Myth or Fact? ‘G-spot Therapies’ Can Improve a Woman’s Sex Life
Viable technique or just a placebo effect (with a possible side of woman shaming)?
A Florida gynecological surgeon says he successfully performed what he calls a “G-spotplasty” on three women in 2013.
The result? All three have regained their ability to orgasm from vaginal penetration, which they had lost after giving birth, he claims.
As reported by New Scientist, Adam Ostrzenski’s procedure involved excising a small amount of tissue from the upper vaginal wall where the G-spot is considered to be located. He then sutured the incision to tighten that area resting about an inch inside the vaginal opening.
Ostrzenski’s technique is one of various so-called “G-spot therapies” available, among them also include injections of collagen into the vagina to increase sensitivity.
But while these pleasure-promising procedures are major moneymakers, their efficacy remains disputed.
“G-spot therapies have become a multimillion-dollar business, promising to increase sexual pleasure for women,” Devan Stahl from Michigan State University said to New Scientist.
However, she added there is “virtually no evidence that these therapies work outside of a placebo effect.”
The existence of the g-spot in doubt
The claim that the sexual reactions to Ostrzenski’s surgeries are nothing but psychological is bolstered by the fact that his research—and thus his conclusions—have failed to meet scientific standards. For instance, he neglecting to include a control subject.
In addition to to the fact that there is no evidence that these techniques actually work, Stahl added that the existence of a specific S-spot also remains unproven:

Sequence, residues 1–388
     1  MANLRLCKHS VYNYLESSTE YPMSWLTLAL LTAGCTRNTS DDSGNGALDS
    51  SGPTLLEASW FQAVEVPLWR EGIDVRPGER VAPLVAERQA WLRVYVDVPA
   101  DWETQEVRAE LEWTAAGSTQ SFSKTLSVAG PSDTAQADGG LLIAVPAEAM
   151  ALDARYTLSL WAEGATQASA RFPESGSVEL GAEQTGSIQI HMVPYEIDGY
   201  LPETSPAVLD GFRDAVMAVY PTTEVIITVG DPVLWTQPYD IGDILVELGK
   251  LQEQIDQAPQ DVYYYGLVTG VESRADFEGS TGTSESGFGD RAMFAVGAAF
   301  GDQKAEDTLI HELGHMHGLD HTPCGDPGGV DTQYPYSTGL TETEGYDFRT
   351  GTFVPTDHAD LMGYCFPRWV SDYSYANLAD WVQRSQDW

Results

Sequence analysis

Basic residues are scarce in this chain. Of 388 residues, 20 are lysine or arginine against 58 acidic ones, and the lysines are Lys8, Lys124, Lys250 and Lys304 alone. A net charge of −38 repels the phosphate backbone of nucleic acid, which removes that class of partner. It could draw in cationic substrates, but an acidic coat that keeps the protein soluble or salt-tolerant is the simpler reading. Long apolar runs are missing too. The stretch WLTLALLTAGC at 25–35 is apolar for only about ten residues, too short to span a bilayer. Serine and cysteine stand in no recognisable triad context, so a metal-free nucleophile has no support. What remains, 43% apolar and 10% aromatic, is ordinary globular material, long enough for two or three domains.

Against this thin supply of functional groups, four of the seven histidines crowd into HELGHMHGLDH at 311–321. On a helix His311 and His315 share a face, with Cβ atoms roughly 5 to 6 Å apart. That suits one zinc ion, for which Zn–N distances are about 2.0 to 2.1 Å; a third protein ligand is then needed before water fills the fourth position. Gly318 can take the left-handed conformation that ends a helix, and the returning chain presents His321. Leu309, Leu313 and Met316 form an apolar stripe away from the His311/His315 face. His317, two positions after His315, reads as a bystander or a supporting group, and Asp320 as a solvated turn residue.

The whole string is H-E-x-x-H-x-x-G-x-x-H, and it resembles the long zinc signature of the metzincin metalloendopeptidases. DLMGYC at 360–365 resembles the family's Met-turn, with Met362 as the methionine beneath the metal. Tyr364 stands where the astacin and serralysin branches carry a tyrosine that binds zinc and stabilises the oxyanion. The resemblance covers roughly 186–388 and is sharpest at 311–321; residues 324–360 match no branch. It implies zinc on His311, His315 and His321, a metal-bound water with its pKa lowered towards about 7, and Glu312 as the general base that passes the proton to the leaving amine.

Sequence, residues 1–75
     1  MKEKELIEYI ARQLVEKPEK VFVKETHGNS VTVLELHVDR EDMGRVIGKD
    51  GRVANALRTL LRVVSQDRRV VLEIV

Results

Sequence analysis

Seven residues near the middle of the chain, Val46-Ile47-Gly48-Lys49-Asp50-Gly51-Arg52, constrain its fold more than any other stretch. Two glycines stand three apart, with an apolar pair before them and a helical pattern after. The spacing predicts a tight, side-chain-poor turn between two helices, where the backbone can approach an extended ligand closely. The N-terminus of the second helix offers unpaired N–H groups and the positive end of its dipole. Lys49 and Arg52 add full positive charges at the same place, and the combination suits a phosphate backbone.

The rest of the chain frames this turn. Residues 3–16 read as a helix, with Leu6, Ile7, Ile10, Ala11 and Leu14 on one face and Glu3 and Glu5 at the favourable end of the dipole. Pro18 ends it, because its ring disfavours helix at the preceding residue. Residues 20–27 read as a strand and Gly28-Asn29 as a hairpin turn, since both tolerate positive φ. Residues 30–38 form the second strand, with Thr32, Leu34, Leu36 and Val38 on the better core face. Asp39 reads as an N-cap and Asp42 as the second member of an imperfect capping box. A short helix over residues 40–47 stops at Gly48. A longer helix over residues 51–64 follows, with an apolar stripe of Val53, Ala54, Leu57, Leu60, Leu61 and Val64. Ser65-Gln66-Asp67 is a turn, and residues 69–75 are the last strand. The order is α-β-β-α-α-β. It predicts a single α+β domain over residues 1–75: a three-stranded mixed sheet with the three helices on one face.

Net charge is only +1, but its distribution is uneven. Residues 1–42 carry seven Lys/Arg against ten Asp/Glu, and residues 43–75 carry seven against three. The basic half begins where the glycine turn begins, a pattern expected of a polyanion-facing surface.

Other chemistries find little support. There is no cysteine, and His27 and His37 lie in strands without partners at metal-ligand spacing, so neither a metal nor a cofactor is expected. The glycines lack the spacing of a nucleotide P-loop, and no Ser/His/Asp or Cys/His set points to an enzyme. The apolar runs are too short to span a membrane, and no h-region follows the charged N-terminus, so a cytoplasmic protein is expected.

There are researchers who think it absolutely does not exist, others who think that it may exist but not every woman has it, and still others who think that it is not a single ‘spot’ or anatomical structure, but rather a complex of varied anatomical structures.
Female sexuality isn’t broken
Beyond this, there is the bigger issue that these procedures reinforce the myth that if a woman cannot orgasm through penetration that she is somehow either sexually broken or incomplete.
According to a recent study published in The Journal of Sex and Marital Therapy, in partnership with OMGYes, only 18% of women reported they can orgasm through vaginal penetration.
That scientifically unproven “G-spot therapies” like Ostrzenski’s exist clearly shows a lot of needs to be done to repair many women’s sexual well-being—but not through surgery.
Rather, comprehensive education is what is truly needed: we need teach women and girls that their physical pleasure is uniquely theirs, and not being able to orgasm through penetration is nothing to be ashamed of—or ever needing repair.
This sad state of affairs is perfectly expressed by Stahl:
What is actually statistically normal—difficulty achieving orgasms through penetrative vaginal intercourse—is now considered pathological
Yet there is still room for optimism. For every procedure that preys on insecurity, there are activists and even entire movements—like Sex Positivity—working to increase female sexual awareness and acceptance.
As Beyoncé said,
There is unbelievable power in ownership, and women should own their sexuality. There is a double standard when it comes to sexuality that still persists. Men are free and women are not. That is crazy. The old lessons of submissiveness and fragility made us victims. Women are so much more than that. You can be a businesswoman, a mother, an artist, and a feminist—whatever you want to be—and still be a sexual being. It’s not mutually exclusive.
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